Everest Re is aiming to expand its access to third-party and alternative sources of reinsurance capital, with growth of its Mt. Logan Re sidecar-like structure seen as a key strategic opportunity, according to its CEO.
Third-party capital is seen as one of global re/insurer Everest Re’s three reinsurance strategy drivers, the company will explain today during its first ever investor day.
Of course, Everest Re is already a significant users of alternative capital, insurance-linked securities (ILS) solutions and third-party capital partnerships.
But at the investor day the company will describe its appetite to make increasing use of third-party and ILS capital sources to help it grow its business.
Growing alternative capital is one of Everest Re’s three main strategic targets for its reinsurance business.
Key among this and the location where this growth is forecast to be most significant, is the Mt. Logan Re Ltd. collateralized reinsurance sidecar-like vehicle.
But on top of that, Everest Re also expects to continue bringing efficient capital into its business through the Kilimanjaro Re catastrophe bond program, as well as its use of other ILS instruments such as industry loss warranties (ILW’s).
In laying out the next evolution of its growth strategy, CEO of Everest Re Juan Andrade explained key competitive advantages that the company aims to make increasing use of, one of which is its “robust, scalable third-party capital capabilities.”
“We will continue to effectively partner with capital market investors, both through our Mt. Logan structure and our Kilimanjaro Re program of cat bonds,” Andrade explained today.
He further explained that the company considers ILS as a core part of its dynamic capital allocation strategy.
These activities mean that Everest Re has multiple forms of underwriting capacity available to it, both its own balance-sheet capital, but also capacity delivered by capital market investors and the insurance-linked securities (ILS) market.
As a result, Everest Re aims to use capital that is most relevant for the underlying risk, the firms executives explained today at the event.
One of the targets for the Everest Re underwriting capital strategy is strategic growth of Mt. Logan Re, which the company today described as its “third-party investor risk securitization vehicle.”
In fact, that appears to be the area of Everest Re’s ILS and third-party capital activities where the most significant expansion is targeted.
Mt. Logan Re currently has approximately $903 million of collateralized reinsurance assets under management, but a slide shared at the investor day event today shows that Everest Re has significant growth plans for Mt. Logan Re (see below).
It’s clear from the image above that growth of Mt. Logan Re appears to be the main target for Everest Re.
Discussing third-party capital growth, CEO Andrade explained, “We’re expanding our risk financing through ILS capital, with our Kilimanjaro Re cat bond program one of the biggest in the industry.”
He also said that Everest Re has an, “Excellent ILS capital management platform in Mt. Logan Re and we will look to significantly grow the capital under management there.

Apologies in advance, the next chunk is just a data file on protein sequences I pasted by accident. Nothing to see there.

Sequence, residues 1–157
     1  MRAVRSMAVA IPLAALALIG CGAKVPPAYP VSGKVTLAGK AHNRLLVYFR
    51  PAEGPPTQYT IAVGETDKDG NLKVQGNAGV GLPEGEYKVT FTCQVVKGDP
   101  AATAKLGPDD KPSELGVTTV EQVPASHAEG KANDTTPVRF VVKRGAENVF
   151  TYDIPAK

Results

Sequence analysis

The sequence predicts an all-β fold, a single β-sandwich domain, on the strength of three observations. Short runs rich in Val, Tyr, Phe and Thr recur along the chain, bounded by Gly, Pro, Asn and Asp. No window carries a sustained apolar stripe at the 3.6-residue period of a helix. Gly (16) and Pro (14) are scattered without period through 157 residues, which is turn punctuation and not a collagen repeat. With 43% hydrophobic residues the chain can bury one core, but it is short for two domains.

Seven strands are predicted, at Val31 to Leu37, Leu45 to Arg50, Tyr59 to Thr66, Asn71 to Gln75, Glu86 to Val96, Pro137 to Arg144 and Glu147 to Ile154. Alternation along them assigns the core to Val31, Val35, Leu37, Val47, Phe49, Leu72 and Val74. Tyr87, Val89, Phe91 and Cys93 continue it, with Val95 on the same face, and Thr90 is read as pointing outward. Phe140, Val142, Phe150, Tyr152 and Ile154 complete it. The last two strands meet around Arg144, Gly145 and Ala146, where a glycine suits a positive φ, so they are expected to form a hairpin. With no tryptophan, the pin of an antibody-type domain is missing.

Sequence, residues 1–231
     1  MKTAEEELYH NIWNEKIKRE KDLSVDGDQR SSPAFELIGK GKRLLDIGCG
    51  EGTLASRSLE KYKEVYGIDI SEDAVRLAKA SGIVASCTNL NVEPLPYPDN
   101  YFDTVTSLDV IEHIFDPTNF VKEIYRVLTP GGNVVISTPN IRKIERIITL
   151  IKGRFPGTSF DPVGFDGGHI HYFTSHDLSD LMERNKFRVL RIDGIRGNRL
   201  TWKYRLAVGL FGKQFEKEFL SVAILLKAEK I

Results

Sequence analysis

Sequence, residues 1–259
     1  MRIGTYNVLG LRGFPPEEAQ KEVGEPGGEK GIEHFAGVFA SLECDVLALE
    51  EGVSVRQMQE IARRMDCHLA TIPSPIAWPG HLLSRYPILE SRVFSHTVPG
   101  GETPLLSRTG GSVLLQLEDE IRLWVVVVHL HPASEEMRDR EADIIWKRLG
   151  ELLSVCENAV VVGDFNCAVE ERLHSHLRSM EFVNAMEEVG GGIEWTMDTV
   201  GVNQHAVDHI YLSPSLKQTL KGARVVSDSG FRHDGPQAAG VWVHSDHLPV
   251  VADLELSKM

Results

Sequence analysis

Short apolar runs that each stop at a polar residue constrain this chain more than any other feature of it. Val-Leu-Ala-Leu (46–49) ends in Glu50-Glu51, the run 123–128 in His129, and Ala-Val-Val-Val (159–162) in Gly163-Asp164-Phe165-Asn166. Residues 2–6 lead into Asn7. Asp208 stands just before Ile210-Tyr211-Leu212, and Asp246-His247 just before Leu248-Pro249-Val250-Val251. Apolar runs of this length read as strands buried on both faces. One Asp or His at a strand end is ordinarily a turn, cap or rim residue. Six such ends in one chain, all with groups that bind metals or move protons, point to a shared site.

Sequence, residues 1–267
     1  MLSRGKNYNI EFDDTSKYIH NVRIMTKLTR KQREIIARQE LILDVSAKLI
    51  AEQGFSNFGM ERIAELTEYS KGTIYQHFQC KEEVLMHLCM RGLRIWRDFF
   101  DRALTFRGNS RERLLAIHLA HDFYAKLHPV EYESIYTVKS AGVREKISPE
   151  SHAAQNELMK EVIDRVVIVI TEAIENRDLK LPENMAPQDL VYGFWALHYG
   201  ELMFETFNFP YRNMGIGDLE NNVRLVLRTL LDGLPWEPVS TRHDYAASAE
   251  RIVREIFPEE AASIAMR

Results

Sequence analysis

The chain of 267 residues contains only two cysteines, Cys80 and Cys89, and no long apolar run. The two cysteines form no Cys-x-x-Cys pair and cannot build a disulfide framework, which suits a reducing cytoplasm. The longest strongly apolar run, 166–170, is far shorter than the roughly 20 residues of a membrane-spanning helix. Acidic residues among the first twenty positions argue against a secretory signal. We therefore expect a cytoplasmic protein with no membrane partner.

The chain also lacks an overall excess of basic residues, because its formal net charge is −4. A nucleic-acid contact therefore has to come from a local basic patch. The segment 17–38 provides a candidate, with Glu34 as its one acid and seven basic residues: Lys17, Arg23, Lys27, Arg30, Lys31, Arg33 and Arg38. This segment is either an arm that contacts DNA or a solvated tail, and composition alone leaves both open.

“We are expanding our use of ILS investor capital, particularly in our Mt. Logan Re vehicle.”
The chart above also shows Everest Re’s significant catastrophe bond program, which continues to position the firm near the top of our sponsors leaderboard.
Use of the catastrophe bond program has become core to Everest Re and the company clearly intends to continue with this, saying utilisation of cat bonds and the Kilimanjaro Re program will continue.
In addition and for the first time, Everest Re has also broken out its industry loss warranty (ILW) supplied capital, which it counted as $165 million of added capacity through the 2020 US wind season.
This is another lever, of retrocession and added capacity from third-party sources, all of which helps to protect the company and expand Everest Re’s ability to meet its accretive growth targets.
Later in the investor day, Everest Re executives will explain that Mt. Logan Re provides a source of efficient capacity to support its global underwriting franchise, while enhancing client relationships and also improving terms for the company as well.
On the catastrophe bond side, Everest Re intends to pursue a “laddered” approach to steady issuance over the coming years, leveraging the appetite of capital market investors to help it grow capacity further.
In fact, a slide shared at the investor day event shows the company feels it has the flexibility to grow the cat bond program at a rate to suit its needs, suggesting Everest Re has a long-term strategy to continue tapping the catastrophe bond market.
Mark Kociancic, CFO of Everest Re, said that the company intends to continue optimising its balance-sheet capital, using traditional sources and alternative including ILS.
“Mt. Logan is our third-party capital managed vehicle and we expect assets under management to grow considerably, we also expect to continue utilising ILW capacity,” Kociancic explained.
He also described the cat bond program as a, “core piece or our risk management strategy.”
Overall, the Everest Re CEO and his senior executives are particularly bullish on growth of third-party capital usage at the company, as it expands into the harder market environment.
The Mt. Logan Re vehicle appears to have a renewed focus at the highest levels in the company, which will provide positive opportunities for investors to access returns from Everest Re and partner with the company.